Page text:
STICKS AND STONES
By Emily Bazelon
386 pp. Random House. $27.
Reviewed by Nina Subin
Emily Bazelon’s intelligent, rigorous “Sticks and Stones” charts the experiences of a few bullied children and synthesizes the scholarship on how to contain or prevent such harm. She focuses primarily on the stories of three kids: an African-American girl, Monique McClain, who became the target of a few girls at her school in Connecticut, went through a depression and finally switched schools and found happiness; a gay boy in upstate New York, Jacob Lasher, who struggled against prejudice but also enjoyed being a provocateur; and Phoebe Prince, an Irish girl transplanted to a town in Massachusetts, who was bullied atrociously and committed suicide. Bazelon includes chapters on anti-bullying measures with good track records. She reviews jurisprudence on bullying, and examines both the virtues and the pitfalls of treating it as a crime. She tries to delineate what parents can achieve, what schools can achieve, and what may come of the shifting power differential among parents and schools and social agencies.
Bazelon is at her best as a storyteller, and the most interesting parts of the book are its human narratives. She resists the idea that there is always an innocent victim; among her three subjects, she paints Monique as essentially blameless, but the others as having some hand in their own suffering. Her writing about Phoebe Prince for Slate, which inspired and is expanded in this book, is especially trenchant; it rejects the simple “bullied to death” narrative that dominated the media at the time. Bazelon indicates that Phoebe’s situation was complicated: she had been cutting herself, had had problems in a previous school, had made a prior suicide attempt and had gone off her antidepressants six weeks before she took her life. Given Phoebe’s history, Bazelon writes that she couldn’t understand the prosecutor’s decision “to lay the burden of her suicide at the feet of six adolescents.”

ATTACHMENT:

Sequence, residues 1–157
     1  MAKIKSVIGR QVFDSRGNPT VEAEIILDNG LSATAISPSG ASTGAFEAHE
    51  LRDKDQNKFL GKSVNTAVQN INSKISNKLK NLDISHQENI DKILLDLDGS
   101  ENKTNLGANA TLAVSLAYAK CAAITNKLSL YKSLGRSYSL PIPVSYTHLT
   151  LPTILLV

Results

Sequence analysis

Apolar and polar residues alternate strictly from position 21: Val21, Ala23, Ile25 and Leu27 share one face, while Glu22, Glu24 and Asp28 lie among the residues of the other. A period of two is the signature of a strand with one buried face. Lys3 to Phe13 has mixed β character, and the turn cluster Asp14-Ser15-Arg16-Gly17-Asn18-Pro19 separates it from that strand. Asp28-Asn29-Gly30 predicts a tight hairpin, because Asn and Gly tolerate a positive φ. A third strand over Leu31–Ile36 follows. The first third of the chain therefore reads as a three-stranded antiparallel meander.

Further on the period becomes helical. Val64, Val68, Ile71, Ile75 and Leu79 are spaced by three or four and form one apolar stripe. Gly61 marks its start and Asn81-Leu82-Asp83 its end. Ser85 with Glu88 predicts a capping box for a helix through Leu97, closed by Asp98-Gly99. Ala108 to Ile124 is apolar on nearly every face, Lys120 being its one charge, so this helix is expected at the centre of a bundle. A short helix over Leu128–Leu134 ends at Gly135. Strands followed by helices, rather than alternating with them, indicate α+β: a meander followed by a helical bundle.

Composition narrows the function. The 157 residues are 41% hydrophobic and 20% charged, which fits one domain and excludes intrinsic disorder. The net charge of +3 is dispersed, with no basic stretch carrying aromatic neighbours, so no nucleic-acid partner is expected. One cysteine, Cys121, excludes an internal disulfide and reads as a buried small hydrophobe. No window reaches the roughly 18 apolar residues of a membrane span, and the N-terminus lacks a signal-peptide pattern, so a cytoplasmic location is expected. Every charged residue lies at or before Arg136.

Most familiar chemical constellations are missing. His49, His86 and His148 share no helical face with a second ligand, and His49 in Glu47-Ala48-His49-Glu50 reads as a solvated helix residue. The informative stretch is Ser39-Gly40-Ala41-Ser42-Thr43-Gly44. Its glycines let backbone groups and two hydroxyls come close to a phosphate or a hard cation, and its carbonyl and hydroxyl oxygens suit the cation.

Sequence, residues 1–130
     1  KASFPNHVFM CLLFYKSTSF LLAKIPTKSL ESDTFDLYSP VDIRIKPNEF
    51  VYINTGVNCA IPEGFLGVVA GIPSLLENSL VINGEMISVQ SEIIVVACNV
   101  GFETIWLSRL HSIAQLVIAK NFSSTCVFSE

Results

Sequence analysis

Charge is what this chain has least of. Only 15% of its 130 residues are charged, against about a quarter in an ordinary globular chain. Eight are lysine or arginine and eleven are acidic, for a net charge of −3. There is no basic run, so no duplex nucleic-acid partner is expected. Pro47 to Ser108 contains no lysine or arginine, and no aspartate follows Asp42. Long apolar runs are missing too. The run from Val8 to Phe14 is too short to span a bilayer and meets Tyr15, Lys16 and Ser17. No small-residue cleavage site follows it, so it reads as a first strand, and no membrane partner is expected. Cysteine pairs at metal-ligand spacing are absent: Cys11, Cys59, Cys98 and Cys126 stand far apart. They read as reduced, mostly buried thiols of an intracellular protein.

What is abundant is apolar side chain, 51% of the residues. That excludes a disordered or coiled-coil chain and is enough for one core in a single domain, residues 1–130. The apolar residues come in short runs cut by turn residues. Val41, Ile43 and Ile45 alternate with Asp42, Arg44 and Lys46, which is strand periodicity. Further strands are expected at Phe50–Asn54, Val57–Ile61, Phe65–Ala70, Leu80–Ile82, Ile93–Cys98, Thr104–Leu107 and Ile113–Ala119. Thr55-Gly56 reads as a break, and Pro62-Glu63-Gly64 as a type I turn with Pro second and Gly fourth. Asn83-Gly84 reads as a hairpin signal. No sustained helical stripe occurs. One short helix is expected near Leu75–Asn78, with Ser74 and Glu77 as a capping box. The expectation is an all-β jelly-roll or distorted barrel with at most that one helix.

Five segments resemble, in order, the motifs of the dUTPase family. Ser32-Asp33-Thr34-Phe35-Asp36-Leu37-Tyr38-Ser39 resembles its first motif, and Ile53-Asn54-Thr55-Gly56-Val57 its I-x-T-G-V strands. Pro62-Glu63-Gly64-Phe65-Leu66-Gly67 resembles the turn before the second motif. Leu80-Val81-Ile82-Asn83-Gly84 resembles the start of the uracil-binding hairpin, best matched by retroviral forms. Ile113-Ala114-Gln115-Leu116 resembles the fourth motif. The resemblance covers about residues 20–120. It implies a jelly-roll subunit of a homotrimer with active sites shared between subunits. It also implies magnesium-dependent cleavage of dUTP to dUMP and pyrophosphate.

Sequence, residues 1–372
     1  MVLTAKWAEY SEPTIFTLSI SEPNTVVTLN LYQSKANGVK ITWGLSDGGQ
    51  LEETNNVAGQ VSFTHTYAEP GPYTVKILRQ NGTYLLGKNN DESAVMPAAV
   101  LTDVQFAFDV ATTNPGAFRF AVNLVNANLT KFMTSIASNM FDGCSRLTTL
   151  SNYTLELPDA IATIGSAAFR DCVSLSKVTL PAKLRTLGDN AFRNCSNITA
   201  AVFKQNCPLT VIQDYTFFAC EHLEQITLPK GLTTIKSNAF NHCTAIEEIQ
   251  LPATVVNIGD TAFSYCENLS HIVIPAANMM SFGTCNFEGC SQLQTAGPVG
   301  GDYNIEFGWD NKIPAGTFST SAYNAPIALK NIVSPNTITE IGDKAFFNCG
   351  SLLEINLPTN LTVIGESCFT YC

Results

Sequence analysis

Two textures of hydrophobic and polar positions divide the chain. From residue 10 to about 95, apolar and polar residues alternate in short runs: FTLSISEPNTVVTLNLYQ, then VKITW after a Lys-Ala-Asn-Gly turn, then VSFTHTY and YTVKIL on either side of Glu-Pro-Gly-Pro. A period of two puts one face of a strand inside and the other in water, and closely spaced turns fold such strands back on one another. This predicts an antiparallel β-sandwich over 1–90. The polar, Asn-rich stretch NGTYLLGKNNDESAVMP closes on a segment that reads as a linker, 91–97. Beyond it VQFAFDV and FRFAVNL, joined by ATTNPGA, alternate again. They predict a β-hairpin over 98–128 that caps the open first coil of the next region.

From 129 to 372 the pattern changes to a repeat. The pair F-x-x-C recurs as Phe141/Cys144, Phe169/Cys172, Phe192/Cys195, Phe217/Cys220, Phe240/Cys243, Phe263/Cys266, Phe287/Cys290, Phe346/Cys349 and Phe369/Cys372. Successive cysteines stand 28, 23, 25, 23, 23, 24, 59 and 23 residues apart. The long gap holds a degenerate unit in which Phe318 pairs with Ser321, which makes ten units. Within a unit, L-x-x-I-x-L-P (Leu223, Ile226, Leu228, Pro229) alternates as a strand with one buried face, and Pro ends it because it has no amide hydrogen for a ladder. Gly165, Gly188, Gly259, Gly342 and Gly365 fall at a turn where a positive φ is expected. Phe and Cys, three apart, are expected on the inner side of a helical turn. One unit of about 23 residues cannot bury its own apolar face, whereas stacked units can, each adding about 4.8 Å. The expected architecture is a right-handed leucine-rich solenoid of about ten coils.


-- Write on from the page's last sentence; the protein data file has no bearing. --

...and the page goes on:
If charity begins at home, then so, too, does brutality: at home and early, and Bazelon looks for the seeds of troubling behavior in the home lives of bullies. She is taken with the work of Dan Olweus, the grand old man of anti-bullying theory and practice, whose programs target the school, the classroom and the individual. She describes a headmaster who was able to transform the climate at his school largely through charisma, will and the methodology proposed by George Sugai, who believes that positive rewards given to students for positive social skills may be just as effective as punishment for those who are out of line. Investigating the role of the Internet in modern bullying, Bazelon visited the offices of Facebook, achieving an unusual degree of access. She describes both the company’s woefully inadequate anti-bullying protocols for young subscribers — Facebook’s current business model seems built on “habituating kids to giving up their privacy” — and their ill-advised efforts to bully her once they got a whiff of her criticisms. Bazelon explores the role of adults in the lives of kids who are bullied, and shows that often, parents and teachers who set out to help end up exacerbating the problem. She refuses the notion that the real reason for bullying is violent video games, rock music, parental neglect, social media or any other single cause. She thinks with nuance, making it clear that the problem is overdetermined and requires complex, subtle solutions.